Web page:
September 19, 2009

The World Wide Web Isn't World Wide Neutral

Leaving aside socioeconomic issues that prevent many parts of the world from having access to computers, mobile phones, or broadband, the panacea of an always-connected populace to access with all content, regardless of location, computer or Web browser, is still very far away. Thanks to overzealous individual governments or convoluted legalities that often involve copyright, the Web you see is likely far different from that enjoyed by the country bordering yours. Even in my short visit to the UK this week, I was annoyed to find that some of my data was blocked thanks to my newfound geography.

The phrase "geotardation" is one I often see from my cranky Canadian friend Steven Hodson, or his colleague, Duncan Riley, as the pair fight through blockades from the north or from Australia. But I haven't had to experience it, thanks to being in the domestic United Stats for the vast majority of my life - and started think about it more this week as I hit site after site that behaved differently if I was surfing via an IP address that resolved to "" instead of a simple US IP address.

But YouTube Would Still Work, Right?

Blasting through items in my Google Reader queue on Wednesday, I ran into a shared item that contained an embedded Hulu video. As you know, Hulu is, so far, limited to viewing in the United States. If I were physically located at home, seeing the clip would have been no problem, but in London, it was as good as dead.

Does this mean I add U's, and change Z's to S's?

Then, I turned to Facebook. After finding Facebook kindly asked me to help translate their site into "English (UK)", I checked my available Scrabble games, only to find that Scrabble was for North America only and that using it from the UK was "invalid". All my games had to wait until I got back last night.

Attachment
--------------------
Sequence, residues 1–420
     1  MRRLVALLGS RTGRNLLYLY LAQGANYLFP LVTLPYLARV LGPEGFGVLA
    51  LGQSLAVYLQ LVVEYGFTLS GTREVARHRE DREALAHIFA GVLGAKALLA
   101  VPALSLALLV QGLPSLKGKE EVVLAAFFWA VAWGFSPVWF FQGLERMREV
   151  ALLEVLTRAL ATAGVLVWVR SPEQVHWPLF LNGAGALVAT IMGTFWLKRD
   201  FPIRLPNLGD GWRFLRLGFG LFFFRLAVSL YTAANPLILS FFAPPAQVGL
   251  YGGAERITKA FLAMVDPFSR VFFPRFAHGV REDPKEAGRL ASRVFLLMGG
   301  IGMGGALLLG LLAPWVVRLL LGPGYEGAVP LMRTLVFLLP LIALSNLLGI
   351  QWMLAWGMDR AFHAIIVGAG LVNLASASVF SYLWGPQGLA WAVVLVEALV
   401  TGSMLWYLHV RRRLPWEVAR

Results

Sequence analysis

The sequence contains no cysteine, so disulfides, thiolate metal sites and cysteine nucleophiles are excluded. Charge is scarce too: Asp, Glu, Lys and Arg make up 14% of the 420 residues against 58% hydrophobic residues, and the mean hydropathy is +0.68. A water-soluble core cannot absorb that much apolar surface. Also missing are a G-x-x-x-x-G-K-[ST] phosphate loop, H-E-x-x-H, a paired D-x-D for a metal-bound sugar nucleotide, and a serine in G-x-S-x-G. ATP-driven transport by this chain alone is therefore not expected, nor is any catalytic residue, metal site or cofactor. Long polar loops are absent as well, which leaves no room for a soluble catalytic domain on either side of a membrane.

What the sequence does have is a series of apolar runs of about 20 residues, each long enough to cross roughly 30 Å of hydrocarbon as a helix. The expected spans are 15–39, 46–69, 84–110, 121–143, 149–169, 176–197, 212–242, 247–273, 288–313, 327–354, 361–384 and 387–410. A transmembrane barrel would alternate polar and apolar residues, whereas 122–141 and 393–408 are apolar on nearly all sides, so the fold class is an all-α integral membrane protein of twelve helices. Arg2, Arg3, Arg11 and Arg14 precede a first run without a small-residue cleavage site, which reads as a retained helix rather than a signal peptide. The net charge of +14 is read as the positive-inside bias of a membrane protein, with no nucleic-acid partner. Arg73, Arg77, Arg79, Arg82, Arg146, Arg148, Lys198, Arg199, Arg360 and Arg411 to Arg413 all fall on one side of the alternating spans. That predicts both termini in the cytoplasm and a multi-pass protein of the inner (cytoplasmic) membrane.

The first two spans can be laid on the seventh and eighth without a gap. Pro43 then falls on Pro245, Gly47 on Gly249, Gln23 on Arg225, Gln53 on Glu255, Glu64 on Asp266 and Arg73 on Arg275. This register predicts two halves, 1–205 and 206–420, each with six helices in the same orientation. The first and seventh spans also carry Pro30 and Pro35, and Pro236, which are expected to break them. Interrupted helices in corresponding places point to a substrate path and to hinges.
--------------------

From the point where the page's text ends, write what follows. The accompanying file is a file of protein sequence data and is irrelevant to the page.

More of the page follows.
Really, Scrabble? No UK players?

During the Thursday presentation, while discussing Twitter and other social networks, I mentioned Foursquare, the hip location-based game that is gaining momentum. But I was quickly reminded that Foursquare was not available in the UK.

In the reverse, we have the issue of Spotify, and the intriguing music service's new iPhone application, which has been approved by Apple, but isn't available in the United States. Hopefully, I plugged in my iPhone, fired up the UK version of the iTunes store, and tried to download it while I was there. Total fail. Apple told me my account was only active for the US version of the store, so my quest had been stopped cold.

Also while in the UK, I logged into my Gmail and saw yes, "Google Mail" where GMail was expected to be. It still worked the same, but again... different.

Meanwhile, we know about Google and other portal's challenges with more-controlling countries (read: China), where data comes and goes based on the governments' requests, or individual's identities, once thought anonymous, are unveiled. The concept of a decentralized, open, anonymous, equal Web where anybody can get to any site and share the same experience is far from a reality today. While my trivial annoyances of not being able to play Scrabble or view a Hulu clip haven't scarred me for life, I wonder just how different it is to try and use the Web on places much more far-flung than our former colonial overlords. Should their be a UN for the Web that works to get all things equal, or should every service kowtow to the rules of those far and near?